UKIP declares for 'principled' Ken in Tory leadership race

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The Independent Online

Aside from his official opponents, Clarke will now to keep a beady eye on his supporters. For his campaign bandwagon has just gained an unwanted passenger.

The UK Independence Party, which for years has sternly criticised Clarke's pro-European views, is about to declare its formal supports for his Tory leadership bid.

Their move follows Clarke's recent declarationthat he's changed his mind about the euro, and may lead to UKIP's many noisy supporters infiltrating Clarke's coming campaign events.

"Ken Clarke is a man of great principle and experience, and has support from a very broad range of voters," says the UKIP MEP Nigel Farage. "He says he's the best man for the job and we at UKIP agree wholeheartedly.

"It is thrilling that Mr Clarke has changed his mind on the single currency. During the campaign, he will undoubtedly want to share his thoughts with the electorate on other issues on which he has had a rethink. I will expect his telephone call for advice."

Quite how such support will go down in the Conservative Party wasn't clear last night: at the time of going to print, the Clarke camp wouldn't be drawn on whether they'd accept UKIP's shilling.

* Sol Campbell's love affair with the frizzy interior designer Kelly Hoppen has been through more ups and downs than your average FA Cup tie.

In the past year, the couple have split up, been reconciled, and split up again, affording the Arsenal defender Campbell time for dalliances with both Martina Hingis and the singer Dido.

Now they've got it back "on" with a vengeance, though, and will face the cameras together on Wednesday at the launch of a book called Everything I know About Men I Learnt From My Dog.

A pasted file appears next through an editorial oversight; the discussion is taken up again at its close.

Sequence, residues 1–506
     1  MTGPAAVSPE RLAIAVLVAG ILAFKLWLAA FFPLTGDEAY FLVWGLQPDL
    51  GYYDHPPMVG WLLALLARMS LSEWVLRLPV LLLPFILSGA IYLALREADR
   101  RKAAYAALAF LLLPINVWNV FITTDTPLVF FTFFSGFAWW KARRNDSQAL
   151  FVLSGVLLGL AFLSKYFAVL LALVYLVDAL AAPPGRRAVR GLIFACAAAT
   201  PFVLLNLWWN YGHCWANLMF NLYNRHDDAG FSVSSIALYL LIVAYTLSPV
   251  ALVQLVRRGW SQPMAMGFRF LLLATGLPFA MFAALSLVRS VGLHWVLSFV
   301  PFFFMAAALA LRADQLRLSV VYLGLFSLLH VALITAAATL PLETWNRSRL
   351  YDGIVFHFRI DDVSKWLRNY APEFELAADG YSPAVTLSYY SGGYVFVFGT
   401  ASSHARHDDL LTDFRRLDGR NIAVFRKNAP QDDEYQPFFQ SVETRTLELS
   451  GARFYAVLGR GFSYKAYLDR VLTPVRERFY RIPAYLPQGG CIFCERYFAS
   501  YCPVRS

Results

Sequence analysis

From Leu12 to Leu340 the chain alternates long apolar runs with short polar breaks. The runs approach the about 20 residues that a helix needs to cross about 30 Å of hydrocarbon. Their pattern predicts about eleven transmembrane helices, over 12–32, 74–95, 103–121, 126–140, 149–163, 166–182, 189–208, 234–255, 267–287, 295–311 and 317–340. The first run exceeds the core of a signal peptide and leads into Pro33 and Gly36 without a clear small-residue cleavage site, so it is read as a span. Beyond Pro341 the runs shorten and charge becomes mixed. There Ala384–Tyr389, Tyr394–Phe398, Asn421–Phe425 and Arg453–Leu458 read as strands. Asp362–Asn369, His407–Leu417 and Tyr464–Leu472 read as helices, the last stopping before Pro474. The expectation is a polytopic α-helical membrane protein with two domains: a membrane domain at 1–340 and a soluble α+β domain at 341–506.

Campbell, 30, and Hoppen, 45, are listed as an "item" on the author Clare Staples' guest list for the bash.

"Clare's a former model, and knows Kelly well," says an organiser. "If she and Sol are on the list together, you can presume they're coming as a couple."

Incidentally, Staples' self-help book shows women how to keep their boyfriends in check "using similar techniques to dog trainers".

Pandora says: Good luck, Sol!

* Earlier this year, Jo Brand made a plucky bid to complete the London Marathon, entering the big race before being forced to pull out (on doctor's orders) shortly before D-day.

A lesser woman might have hung up her running shoes. But Brand wasn't so easily defeated, and will this Sunday be competing in the Hydro Active Women's Challenge, a gruelling race around Hyde Park.

"She's doing the run for the Alzheimer's Society, and has been training, but not for the full 26 miles," reports Brand's agent. "It is, after all, holiday season and a time for sitting around and not doing very much."

In fact, the race is 5km long - but from such acorns do mighty oaks creep skywards.

* Following my revelation yesterday, the actor Samuel West has explained why - at the grand old age of 39 - he still requires financial handouts from his parents, Timothy West and Prunella Scales.

"You don't go into theatre for the money," he says. "And as artistic director of a regional theatre, your salary goes down a lot. Dad certainly used to help me out, though it's cheaper to live in Sheffield [where he's now based] than it was in London."

By way of a money-making scheme, West Jnr - speaking at the launch of the Gramophone Awards - is now writing a play about the World Snooker Championship, which is held at his current work place, the Crucible Theatre.

"We'll need to make sure that actors can play snooker before we hire them," he notes, sagely.

* Sir Alan Sugar's role in the recent Premium Bonds advert was unkindly labelled the most ludicrous acting debut in TV history.

It could soon lose its crown, though, becausee the cockney entrepreneur has just made a sequel advert for National Savings, this time endorsing its savings scheme.

Yesterday - oh joy! - I got hold of a copy of the script. It opens on: "Sir Alan Sugar walking around a futuristic space. Science fantasy images are projected."

"No one really knows what's gonna happen in the future," he says. "And I don't like surprises. That's why I do like inflation-beating savings... They're tax free, no risk. And I believe in 'em."

And does Sir Alan believe in 'em enough to dig into his own pocket? "Yes, but we can't say how much he's spent due to customer confidentiality," insists a spokesman.